XI. Прочитайте тексты и передайте их основное содержание своими словами:
Federal Departments
The Department of State, headed by the Secretary of State, advises the President on foreign re-lations. This department handles all peaceful dealings with other countries, and issues passports to American citizens who wish to travel abroad, and visas to visitors to the United States.
The Treasury Department manages government finances, collects taxes, mints coins and prints paper money. The Secret Service, which protects the President and the Vice President, their families and some other dignitaries, is also part of the Treasury Department. So are the Bureau of Customs and the Internal Revenue Service.
The Department of Defence is responsible for the nations security. The Secretary of Defence is assisted by the Secretaries of the Army, Navy and Air Force.
The Department of Justice, headed by the Attorney General, acts for the government in legal matters and moves against violators of federal laws. The FBI and federal prisons are under his jurisdic-tion.
The Department of the Interior protects and develops the nation's natural resources and man-ages the national parks. It also enforces federal hunting and fishing laws, checks on the safety of mines and is responsible for the welfare of the Indian tribes.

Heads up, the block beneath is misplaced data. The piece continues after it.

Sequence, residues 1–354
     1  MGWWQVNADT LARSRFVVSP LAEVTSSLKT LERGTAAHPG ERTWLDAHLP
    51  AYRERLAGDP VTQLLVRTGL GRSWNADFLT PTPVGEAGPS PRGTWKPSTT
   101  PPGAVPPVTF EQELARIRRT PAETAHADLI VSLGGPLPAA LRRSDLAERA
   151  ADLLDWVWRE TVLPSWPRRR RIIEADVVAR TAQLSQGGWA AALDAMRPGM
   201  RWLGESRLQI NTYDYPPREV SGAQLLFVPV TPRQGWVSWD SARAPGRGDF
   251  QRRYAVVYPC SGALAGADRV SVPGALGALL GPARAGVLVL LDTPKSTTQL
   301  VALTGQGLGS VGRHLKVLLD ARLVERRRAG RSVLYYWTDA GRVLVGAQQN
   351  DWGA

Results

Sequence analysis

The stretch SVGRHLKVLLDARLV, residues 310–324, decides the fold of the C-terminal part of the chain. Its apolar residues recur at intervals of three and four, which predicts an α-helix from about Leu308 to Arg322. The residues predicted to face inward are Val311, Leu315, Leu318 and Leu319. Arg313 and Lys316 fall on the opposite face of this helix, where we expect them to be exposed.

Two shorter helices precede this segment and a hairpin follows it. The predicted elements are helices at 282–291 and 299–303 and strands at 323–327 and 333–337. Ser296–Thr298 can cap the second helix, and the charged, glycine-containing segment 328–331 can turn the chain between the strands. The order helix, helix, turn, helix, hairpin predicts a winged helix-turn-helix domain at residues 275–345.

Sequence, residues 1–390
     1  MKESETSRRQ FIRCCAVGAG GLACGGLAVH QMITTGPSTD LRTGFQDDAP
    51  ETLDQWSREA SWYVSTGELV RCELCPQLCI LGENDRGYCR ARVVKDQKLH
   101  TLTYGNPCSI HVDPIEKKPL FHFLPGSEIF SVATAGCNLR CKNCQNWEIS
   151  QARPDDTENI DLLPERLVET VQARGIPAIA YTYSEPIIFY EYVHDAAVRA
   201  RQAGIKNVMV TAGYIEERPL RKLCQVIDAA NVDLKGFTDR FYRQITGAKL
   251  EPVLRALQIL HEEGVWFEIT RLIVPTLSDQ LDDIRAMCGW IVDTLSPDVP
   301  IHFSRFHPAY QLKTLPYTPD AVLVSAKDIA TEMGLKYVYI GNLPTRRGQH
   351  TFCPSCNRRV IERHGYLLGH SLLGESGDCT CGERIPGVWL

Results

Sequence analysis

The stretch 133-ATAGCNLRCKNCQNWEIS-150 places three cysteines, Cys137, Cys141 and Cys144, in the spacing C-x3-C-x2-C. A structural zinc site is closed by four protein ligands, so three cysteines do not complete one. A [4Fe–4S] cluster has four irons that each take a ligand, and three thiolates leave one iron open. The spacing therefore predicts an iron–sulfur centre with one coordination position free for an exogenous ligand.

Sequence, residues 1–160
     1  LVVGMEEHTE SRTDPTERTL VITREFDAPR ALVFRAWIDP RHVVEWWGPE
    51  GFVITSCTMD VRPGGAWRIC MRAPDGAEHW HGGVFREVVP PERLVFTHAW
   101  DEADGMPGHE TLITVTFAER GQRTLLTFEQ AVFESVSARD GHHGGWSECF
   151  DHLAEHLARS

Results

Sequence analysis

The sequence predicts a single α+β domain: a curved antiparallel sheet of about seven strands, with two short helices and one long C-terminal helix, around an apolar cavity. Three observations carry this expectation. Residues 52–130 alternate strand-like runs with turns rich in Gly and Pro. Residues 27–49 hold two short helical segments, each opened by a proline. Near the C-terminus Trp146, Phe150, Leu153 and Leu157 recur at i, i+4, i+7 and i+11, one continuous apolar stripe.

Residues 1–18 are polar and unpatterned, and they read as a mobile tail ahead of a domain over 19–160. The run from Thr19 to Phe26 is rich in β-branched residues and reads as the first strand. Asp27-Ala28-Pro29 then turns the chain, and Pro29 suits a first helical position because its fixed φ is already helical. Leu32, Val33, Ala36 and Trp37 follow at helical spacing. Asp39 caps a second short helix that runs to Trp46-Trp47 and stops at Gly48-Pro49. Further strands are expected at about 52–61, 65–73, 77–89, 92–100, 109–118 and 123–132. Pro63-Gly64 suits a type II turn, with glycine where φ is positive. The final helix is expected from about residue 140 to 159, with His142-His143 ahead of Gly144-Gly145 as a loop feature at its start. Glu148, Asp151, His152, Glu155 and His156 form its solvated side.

The Department of the Agriculture aids food production and looks after the interests of farmers. 1t issues numerous reports on the supply and prices of farm products, conducts scientific studies of ag-riculture and lends money to build rural electric systems. Most farms today are served by-electricity.
The Department of Labour is concerned with the working conditions, safety and welfare of the nation’s nonfarm workers. It enforces, among others, the laws on minimum wages and maximum hours for workers. The department's mediation and conciliation service helps employers and workers to settle labour disputes.